OBJECTIVES: Anecdotal reports suggest that elopement behavior in children with autism spectrum disorders (ASDs) increases risk of injury or death and places a major burden on families. This study assessed parent-reported elopement occurrence and associated factors among children with ASDs.
METHODS: Information on elopement frequency, associated characteristics, and consequences was collected via an online questionnaire. The study sample included 1218 children with ASD and 1076 of their siblings without ASD. The association among family sociodemographic and child clinical characteristics and time to first elopement was estimated by using a Cox proportional hazards model.
RESULTS: Forty-nine percent (n = 598) of survey respondents reported their child with an ASD had attempted to elope at least once after age 4 years; 26% (n = 316) were missing long enough to cause concern. Of those who went missing, 24% were in danger of drowning and 65% were in danger of traffic injury. Elopement risk was associated with autism severity, increasing, on average, 9% for every 10-point increase in Social Responsiveness Scale T score (relative risk 1.09, 95% confidence interval: 1.02, 1.16). Unaffected siblings had significantly lower rates of elopement across all ages compared with children with ASD.
CONCLUSIONS: Nearly half of children with ASD were reported to engage in elopement behavior, with a substantial number at risk for bodily harm. These results highlight the urgent need to develop interventions to reduce the risk of elopement, to support families coping with this issue, and to train child care professionals, educators, and first responders who are often involved when elopements occur.
- AD —
- autistic disorder
- ASD —
- autism spectrum disorder
- IAN —
- Interactive Autism Network
- PDD —
- pervasive developmental disorder
- SCQ —
- Social Communication Questionnaire
- SRS —
- Social Responsiveness Scale
What’s Known on This Subject:
Anecdotal accounts that suggest elopement behavior occurs in children with autism spectrum disorders (ASDs), that injuries and fatalities can result, and that associated family burden and stress are substantial. However, there has been little research characterizing the phenomenon or its frequency.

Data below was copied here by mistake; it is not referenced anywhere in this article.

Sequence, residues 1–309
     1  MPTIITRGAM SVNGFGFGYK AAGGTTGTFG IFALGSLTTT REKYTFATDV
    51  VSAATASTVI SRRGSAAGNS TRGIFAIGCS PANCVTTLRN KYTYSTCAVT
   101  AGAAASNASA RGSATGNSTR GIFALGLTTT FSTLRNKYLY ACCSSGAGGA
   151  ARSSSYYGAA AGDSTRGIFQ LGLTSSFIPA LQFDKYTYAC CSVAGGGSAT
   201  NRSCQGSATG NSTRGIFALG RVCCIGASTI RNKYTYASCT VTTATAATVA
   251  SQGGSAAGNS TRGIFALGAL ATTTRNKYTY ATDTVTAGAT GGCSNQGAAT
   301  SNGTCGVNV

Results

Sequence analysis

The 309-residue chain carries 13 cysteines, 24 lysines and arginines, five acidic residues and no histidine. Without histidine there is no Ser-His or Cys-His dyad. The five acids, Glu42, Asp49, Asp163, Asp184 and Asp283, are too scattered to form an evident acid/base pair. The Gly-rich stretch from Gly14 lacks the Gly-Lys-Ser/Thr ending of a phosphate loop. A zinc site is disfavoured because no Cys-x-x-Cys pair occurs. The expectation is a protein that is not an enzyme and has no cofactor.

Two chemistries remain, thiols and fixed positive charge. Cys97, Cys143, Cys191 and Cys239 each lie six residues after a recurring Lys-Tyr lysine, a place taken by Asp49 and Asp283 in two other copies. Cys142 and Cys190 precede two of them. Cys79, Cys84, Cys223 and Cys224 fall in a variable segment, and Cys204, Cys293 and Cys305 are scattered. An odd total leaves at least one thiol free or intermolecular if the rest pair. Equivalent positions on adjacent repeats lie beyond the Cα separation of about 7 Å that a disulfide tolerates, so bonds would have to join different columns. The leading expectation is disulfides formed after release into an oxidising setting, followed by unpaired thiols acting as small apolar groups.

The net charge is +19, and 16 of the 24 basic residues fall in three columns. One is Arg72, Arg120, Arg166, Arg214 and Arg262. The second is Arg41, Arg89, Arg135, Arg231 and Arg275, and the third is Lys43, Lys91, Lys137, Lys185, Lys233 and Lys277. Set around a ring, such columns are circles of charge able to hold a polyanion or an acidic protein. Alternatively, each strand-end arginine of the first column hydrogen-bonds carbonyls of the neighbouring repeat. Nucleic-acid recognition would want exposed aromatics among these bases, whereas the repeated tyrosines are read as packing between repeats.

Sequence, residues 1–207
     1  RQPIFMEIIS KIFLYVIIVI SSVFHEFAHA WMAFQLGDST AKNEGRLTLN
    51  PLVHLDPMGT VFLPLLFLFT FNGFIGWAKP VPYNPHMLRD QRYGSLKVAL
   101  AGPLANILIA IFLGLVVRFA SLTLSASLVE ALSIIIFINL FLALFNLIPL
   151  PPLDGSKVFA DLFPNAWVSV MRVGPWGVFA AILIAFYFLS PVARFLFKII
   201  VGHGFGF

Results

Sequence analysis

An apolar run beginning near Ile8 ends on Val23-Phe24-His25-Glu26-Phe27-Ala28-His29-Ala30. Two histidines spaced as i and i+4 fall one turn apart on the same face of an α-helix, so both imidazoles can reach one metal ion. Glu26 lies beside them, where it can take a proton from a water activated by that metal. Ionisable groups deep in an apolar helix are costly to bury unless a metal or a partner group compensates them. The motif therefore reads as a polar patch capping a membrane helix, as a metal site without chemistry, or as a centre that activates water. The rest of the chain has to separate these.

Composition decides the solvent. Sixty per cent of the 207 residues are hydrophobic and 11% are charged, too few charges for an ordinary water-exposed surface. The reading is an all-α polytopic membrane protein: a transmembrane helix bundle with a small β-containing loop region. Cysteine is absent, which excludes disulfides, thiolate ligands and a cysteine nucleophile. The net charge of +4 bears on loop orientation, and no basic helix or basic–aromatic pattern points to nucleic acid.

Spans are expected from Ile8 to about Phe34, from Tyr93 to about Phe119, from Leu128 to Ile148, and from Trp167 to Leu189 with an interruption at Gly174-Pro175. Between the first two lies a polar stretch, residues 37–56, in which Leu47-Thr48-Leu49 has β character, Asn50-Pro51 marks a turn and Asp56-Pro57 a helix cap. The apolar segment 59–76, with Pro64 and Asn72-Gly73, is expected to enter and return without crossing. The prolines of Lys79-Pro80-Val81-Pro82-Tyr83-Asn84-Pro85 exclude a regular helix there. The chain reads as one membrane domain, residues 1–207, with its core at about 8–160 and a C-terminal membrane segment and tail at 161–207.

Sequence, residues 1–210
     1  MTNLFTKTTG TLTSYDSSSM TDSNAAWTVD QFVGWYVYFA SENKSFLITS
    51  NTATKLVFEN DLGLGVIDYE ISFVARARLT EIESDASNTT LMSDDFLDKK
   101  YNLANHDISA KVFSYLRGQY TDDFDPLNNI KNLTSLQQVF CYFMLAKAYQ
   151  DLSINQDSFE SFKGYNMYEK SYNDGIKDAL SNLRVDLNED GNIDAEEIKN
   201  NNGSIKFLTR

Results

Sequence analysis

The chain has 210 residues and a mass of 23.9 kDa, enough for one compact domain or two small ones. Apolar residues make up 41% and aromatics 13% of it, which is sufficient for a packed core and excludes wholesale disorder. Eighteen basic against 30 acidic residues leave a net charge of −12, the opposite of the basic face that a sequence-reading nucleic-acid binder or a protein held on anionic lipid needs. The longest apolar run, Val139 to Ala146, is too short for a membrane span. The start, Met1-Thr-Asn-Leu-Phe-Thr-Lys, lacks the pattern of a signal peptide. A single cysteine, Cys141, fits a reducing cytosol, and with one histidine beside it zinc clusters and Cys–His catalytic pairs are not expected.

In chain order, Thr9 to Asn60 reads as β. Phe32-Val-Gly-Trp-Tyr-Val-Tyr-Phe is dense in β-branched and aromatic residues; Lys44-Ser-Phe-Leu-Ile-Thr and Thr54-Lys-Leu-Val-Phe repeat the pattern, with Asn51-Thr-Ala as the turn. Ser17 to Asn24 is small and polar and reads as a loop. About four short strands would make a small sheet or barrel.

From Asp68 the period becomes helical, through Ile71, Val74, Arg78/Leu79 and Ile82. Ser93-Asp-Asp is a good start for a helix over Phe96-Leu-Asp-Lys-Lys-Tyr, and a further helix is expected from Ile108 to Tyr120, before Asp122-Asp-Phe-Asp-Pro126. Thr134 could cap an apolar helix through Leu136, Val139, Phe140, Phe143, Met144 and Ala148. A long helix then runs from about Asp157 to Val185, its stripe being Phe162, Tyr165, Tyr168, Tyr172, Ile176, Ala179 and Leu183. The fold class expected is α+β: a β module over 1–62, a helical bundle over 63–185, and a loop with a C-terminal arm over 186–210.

What This Study Adds:
Nearly half of children with an ASD elope, and more than half of these “go missing.” Elopement is associated with autism severity, and is often goal-directed. Addressing elopement behavior is an important aspect of intervention for many individuals with ASDs.
Autism spectrum disorders (ASDs) are neurodevelopmental disorders characterized by social-communication deficits and restrictive and repetitive behaviors1 and are estimated to occur in 1 of every 88 children.2 Families of children with ASD have reported that these children often place themselves in danger by “wandering” or “eloping.” In this article, elopement is defined as a dependent person exposing him or herself to potential danger by leaving a supervised, safe space or the care of a responsible person.
Elopement may be a significant contributor to mortality in individuals with ASD, which has been reported to be nearly twice that of the general population,3 especially mortality owing to accidents, such as suffocation and drowning.4 Despite reports of injuries, fatalities, and increased family burden, little research on elopement behavior in individuals with ASD has been conducted.5
Studies examining elopement among individuals with ASD have been very small, often focusing on a specific behavioral intervention used to address elopement in 1 or 2 individuals.6–8 Findings from the few studies assessing elopement frequency among larger groups of individuals with ASD suggest that it is fairly common. One study of challenging behaviors among 166 children with severe intellectual disability and/or autism found 23% and 16% experienced minor and marked wandering problems, respectively.9 Another study of 161 severely affected adults with ASD living in an institution found 34% of those with autistic disorder (AD) and 19% of those with pervasive developmental disorder (PDD) not otherwise specified exhibited elopement behavior.10 The objective of the current study was to provide a preliminary estimate of the reported occurrence and characteristics of elopement among children with ASD in community settings and to document factors associated with elopement.